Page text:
Since its founding in 1998, the Northwest Ohio Railroad Preservation, Inc. has been dedicated to preserving, and educating others about, the rich history of the railroad in Northwest Ohio. The center's sprawling gift shop and museum, which features two model-train layouts, explore the role of trains in American life in the past and the present. Outside, quarter-scale deisel and steam trains chug across a field crossed with railroad tracks with dozens of gleeful passengers in tow. As part of its celebration of all things railroad, Northwest Ohio Railroad Preservation, Inc. also curates seasonal events, such as train rides brimming with holiday festivities.
Reservations/Appointments: Not offered
Staff Size: 11?25 people
Average Duration of Services: 30?60 minutes
Handicap Accessible: Yes
Parking: Parking lot
Most Popular Attraction/Offering: Go-karts
Recommended Age Group: All Ages
At Putt-Putt Fun Center, there's no shortage of fun activities?all of which are family-friendly. Mini golf gives groups the chance to hone their whacks on an 18-hole course, and the go-kart track offers cars designed for kids, grown-ups, or both parent and child. The batting cages are another way to take on some friendly competition, as participants practice their swings in hopes of sending a ball soaring across the cage or back into the tube it came out of to teach it a lesson. Those activities can also be rolled into a birthday party package, which may include access to a private party room and pizza.
At Hansen Performance Horses, riders of all ages and experience levels saddle up under the direction of Teresa Hansen, who has owned and shown horses for more than 25 years and has coached amateurs to top finishes at prestigious competitions. Hooves gallop across the Hansen family's training facility, which consists of a heated indoor arena, an outdoor arena, and a climate-controlled viewing room for onlookers and curious TVs considering new career paths. Aside from private, one-on-one lessons, aspiring gauchos can earn their spurs during an assortment of different lessons, including therapeutic sessions for autistic children, as well as instruction in Western pleasure, hunter under-saddle, and reining divisions.
Every time the Darke County Historical Society unearths a new finding, there’s a good chance that the public’s first look at it will come in the exhibition halls of Greenville’s Garst Museum. More than 300,000 American artifacts fill the museum's six wings, many of which were discovered—or rediscovered, as the case may be—over the course of the society's archeological digs, genealogical research, and historic preservation activities.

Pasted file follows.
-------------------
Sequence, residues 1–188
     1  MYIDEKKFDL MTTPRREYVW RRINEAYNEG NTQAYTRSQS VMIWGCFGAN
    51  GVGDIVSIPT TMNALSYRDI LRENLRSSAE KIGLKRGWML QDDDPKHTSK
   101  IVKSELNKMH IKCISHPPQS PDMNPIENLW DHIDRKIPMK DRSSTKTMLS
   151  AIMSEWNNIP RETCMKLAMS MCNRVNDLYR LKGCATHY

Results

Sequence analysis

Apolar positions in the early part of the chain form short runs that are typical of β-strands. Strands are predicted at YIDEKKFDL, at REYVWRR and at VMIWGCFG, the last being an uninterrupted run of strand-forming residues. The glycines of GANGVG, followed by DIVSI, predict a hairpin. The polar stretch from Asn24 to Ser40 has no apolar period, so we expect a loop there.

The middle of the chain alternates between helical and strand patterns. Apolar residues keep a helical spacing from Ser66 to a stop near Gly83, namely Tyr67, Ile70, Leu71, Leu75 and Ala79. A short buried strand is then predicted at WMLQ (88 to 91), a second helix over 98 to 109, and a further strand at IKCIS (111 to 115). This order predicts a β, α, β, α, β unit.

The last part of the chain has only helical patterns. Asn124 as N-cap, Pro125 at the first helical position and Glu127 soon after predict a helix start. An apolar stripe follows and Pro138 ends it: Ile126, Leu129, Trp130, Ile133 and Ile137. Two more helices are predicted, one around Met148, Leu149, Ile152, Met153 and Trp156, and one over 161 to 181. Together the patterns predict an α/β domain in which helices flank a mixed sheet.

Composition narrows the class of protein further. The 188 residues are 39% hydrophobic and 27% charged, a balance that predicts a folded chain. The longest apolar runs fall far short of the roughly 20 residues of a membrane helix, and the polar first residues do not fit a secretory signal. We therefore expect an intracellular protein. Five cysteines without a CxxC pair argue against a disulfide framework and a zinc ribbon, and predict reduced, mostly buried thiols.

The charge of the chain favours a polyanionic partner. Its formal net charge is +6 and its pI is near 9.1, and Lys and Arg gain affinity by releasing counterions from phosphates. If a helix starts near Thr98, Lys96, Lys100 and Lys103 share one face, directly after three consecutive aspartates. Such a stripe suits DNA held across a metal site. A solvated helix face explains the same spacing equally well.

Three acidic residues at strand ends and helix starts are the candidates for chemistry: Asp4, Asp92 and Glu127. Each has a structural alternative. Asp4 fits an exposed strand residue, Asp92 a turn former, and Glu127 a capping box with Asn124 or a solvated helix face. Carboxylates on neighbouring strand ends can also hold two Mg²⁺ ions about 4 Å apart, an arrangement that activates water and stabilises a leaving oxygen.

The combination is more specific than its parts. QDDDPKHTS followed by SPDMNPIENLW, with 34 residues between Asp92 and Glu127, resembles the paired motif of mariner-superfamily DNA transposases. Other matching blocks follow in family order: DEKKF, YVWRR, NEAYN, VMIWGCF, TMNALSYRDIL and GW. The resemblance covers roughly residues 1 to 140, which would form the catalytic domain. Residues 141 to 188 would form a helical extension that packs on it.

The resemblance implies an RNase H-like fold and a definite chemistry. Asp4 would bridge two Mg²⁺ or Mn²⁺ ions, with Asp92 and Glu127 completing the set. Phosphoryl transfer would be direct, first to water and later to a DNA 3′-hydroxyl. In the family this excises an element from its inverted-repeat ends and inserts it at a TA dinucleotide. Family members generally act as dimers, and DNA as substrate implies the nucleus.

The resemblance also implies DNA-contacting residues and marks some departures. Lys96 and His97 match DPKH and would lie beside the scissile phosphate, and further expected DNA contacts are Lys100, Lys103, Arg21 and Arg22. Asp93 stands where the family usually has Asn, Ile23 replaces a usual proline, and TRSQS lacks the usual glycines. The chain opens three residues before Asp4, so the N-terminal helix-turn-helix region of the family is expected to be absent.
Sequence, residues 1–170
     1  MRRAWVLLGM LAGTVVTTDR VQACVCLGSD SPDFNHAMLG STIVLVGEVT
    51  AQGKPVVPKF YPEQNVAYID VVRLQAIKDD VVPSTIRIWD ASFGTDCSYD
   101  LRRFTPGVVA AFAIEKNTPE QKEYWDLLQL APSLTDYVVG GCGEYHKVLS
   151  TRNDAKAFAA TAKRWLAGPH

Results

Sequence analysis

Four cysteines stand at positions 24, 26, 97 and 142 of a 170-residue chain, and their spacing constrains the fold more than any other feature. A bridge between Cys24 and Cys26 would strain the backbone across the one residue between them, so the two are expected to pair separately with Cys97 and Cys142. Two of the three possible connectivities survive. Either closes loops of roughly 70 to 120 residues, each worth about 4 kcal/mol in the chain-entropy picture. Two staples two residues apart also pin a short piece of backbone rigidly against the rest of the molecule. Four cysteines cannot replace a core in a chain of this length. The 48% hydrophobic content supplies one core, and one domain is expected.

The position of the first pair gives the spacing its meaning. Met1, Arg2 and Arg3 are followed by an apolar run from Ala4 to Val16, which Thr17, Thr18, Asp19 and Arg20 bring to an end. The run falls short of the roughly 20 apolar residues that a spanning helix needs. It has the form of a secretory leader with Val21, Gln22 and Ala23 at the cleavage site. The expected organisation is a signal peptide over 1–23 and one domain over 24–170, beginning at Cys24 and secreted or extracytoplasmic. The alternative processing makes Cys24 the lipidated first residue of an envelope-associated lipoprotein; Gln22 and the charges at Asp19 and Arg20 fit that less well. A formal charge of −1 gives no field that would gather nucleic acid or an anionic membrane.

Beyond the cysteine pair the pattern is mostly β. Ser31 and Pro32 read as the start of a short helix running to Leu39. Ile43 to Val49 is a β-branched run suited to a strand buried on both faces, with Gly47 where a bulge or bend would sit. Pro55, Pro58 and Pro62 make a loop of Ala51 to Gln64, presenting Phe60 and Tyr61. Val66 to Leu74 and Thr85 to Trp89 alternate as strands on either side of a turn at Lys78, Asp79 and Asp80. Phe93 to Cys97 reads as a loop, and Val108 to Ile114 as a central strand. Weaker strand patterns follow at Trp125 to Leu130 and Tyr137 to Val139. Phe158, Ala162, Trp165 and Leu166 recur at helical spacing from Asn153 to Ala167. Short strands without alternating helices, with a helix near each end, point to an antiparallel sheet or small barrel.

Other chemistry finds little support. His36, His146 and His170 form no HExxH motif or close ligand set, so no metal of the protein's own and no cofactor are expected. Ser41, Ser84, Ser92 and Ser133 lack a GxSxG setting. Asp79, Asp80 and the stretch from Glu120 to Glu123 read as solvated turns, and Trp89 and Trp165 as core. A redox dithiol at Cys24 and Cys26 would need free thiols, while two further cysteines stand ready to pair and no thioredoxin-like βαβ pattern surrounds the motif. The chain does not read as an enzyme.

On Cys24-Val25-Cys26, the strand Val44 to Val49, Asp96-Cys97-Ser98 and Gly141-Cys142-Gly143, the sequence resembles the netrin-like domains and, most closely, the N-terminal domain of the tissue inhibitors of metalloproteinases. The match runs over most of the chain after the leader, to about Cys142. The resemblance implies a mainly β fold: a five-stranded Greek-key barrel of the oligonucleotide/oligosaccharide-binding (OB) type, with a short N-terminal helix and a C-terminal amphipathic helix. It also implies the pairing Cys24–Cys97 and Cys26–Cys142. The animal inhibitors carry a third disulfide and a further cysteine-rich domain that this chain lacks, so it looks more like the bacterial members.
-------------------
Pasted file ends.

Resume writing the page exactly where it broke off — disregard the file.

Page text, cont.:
Among the century-spanning exhibits, the softer side of sharpshooter Annie Oakley unfolds in the Coppock Wing, and antique cannonballs and Humvees speak of the wartime exploits of General "Mad" Anthony Wayne. Down on the first floor, a painting of Chief Tarhe, Grand Sachem of the Wyandots, presides over a collection that focuses on America during the 1700s but leaves room for anachronistic elements such as mastodon bones. The newest exhibit, "Diversity in Darke County: The Story of Longtown," celebrates local history with its visual chronicle of a tri-racial settlement in Greenville.
Aside from the main two-story brick Colonial home—which was built as an inn in 1852, according to Touring Ohio—the society and the museum maintain several properties of historic note. A free, self-guided tour of Bear's Mill and its 800-foot water channel can be capped with a cup of gourmet coffee, and the Lowell Thomas house provides insights into the childhood of the broadcaster and adventurer who once famously dined with the Prince of Wales inside an actual whale.
It’s no surprise that as a mother of five, a Cub Scouts den leader, and a tutor to autistic children, Tender Touch Farm instructor Lisa Gilliam has a way with children. She’s been sharing her passion for riding with youngsters for more than a decade, encouraging them to grow and learn through equestrian experiences such as camps and lessons. Within one-hour lessons, she teaches kids how to maintain their balance and communicate with the horse without the use of words or Morse code messages nudged into their sides. After lessons, kids also get exposure to the nonriding components of horse care, such as grooming and anatomy.
Since 1949, the clatter of balls and pins has rung in the ears of bowlers at Shamrock Lanes. Today, 44 Brunswick synthetic lanes usher balls toward their targets in a sand-colored room punctuated by orange wall panels. Between frames, the full-service bar and grill refuels bowlers with burgers and pizza, or players can hone their hand-eye coordination in the arcade. Winning skee-ball earns ball hurlers prizes, and playing shooting games helps them improve their aim so they can go home and water the garden next door through the white picket fence.